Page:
Addiction, Depression, and Conquering Both

As many of you may already know, many co-occurring disorders can accompany addiction and substance use disorders (SUD). In some cases, struggles with addiction and SUD can lead to mental illnesses, and in others, mental illnesses can sometimes lead to addiction and SUD. Some mental disorders people experience include anxiety, post-traumatic stress disorder, and several mood disorders such as bipolar disorder, schizophrenia, and depression. Interestingly, depression is one of the most common mental illnesses experienced by individuals who do and do not suffer from addiction and SUD. 

According to Let’s Get Healthy California, 11.7% of California adults were diagnosed with depressive disorder. That number increased to 17.8% in 2018. Many organizations are striving to lower that number by 2022, a goal that recovery centers should certainly work to get behind. Our staff of mental health professionals at the Lakehouse Recovery Center will help any clients coming through our doors with any depressive disorders they may be experiencing. While our main focus may be treating addiction, we know that in order to have a successful recovery, you must also take care of your mental health and overall well-being.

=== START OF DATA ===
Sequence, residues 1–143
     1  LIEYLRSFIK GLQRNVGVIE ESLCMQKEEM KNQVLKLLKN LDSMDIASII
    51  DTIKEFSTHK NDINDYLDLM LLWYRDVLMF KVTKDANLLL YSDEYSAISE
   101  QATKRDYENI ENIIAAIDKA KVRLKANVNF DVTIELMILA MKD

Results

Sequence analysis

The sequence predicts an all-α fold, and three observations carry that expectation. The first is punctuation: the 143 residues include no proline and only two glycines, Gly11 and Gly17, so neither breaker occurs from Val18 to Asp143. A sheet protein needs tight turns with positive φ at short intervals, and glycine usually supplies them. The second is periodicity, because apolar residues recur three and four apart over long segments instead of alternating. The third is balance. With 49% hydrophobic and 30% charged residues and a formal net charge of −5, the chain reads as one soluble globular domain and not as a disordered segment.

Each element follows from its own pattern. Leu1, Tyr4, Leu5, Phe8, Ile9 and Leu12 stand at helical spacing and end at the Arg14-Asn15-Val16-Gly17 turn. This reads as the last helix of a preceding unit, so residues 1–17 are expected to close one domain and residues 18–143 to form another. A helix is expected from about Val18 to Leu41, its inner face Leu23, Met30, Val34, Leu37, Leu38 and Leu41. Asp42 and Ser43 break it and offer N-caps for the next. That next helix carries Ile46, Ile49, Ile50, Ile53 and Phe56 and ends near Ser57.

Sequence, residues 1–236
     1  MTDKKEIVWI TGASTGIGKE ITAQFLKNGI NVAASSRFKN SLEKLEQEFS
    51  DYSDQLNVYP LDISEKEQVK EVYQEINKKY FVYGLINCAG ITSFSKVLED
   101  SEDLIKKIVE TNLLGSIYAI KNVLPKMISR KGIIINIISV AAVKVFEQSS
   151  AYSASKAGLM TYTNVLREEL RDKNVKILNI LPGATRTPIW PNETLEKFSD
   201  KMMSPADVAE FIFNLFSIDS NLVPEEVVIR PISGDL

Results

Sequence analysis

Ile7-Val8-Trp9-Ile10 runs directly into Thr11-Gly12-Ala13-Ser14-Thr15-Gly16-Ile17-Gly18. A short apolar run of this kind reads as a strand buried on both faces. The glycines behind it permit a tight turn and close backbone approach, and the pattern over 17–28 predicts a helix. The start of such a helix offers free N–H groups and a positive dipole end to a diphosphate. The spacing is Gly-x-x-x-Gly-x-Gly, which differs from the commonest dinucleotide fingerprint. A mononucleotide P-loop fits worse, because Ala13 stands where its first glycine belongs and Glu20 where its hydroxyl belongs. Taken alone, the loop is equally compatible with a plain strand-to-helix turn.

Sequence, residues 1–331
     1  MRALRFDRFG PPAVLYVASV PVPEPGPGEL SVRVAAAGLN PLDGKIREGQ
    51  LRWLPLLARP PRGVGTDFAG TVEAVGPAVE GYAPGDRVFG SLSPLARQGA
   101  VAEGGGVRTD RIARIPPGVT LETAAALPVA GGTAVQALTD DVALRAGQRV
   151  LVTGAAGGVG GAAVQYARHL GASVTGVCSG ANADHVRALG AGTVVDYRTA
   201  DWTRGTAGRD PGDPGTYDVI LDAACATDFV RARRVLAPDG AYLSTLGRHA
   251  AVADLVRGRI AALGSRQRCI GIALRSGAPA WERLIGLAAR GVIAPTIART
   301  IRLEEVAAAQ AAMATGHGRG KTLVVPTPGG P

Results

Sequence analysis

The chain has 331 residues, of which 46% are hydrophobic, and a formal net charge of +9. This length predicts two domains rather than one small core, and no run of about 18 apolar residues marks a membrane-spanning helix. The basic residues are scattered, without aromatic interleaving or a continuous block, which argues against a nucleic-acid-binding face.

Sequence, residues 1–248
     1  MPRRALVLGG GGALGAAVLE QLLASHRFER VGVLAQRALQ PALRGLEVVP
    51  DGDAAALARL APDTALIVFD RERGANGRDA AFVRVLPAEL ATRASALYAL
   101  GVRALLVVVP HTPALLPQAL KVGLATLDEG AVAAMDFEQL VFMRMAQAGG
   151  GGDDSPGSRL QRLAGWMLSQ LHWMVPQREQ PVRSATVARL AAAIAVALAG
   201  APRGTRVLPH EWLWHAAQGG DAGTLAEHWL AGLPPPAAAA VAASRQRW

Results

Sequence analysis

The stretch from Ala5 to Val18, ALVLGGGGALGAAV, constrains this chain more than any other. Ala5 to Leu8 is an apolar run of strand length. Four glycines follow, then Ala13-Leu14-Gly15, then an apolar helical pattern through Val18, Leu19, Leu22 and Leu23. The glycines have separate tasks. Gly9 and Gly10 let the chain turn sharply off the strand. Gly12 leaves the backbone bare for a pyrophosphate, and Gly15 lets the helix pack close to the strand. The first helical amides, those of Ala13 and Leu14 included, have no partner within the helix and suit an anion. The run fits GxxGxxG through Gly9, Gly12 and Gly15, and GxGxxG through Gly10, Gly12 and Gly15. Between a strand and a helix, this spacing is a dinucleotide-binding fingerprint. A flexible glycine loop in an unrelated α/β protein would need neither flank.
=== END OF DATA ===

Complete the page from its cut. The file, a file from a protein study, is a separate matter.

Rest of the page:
Substance Use and Mood Disorders

Depression is just one of the many mood disorders that individuals often experience. According to Addiction Science and Clinical Practice, depression and bipolar disorders “are the most common psychiatric comorbidities among patients with substance use disorders.” Additionally, their article on mood disorders and substance use disorder claims that treating a co-occurring disorder has the potential to reduce substance use cravings. Those treatment methods can vary from psychotherapy to medication, even in terms of patients in addiction recovery. 

Not all rehabilitation centers and treatment facilities will have integrated a depression treatment program into their addiction and substance use disorder treatment programs. With co-occurring disorders and dual diagnosis being more and more common, these facilities are emphasizing the importance of these integrated programs within their curriculums. At the Lakehouse Recovery Center, individualized treatment is tailored to each client, with a treatment plan that will be able to account for a client’s struggles. Some things you might expect from our curriculum include yoga, meditation, the importance of nutrition, and relapse prevention education. However, our staff has the professional capability to treat many other struggles that come through our door. 

Treating Depression for Those in Recovery 

It can be important to wait to treat depression with medication until after detoxification. The reason for this delay is to avoid “exposing the patient to the expense and risk of medications when his or her symptoms may resolve of themselves in days or weeks,” and “removes the possibility of confounding symptoms of withdrawal with side effects of the antidepressant medication.” When the depression is severe enough, there can be justification for medication treatment. Medications commonly used to treat depression for those in recovery may include: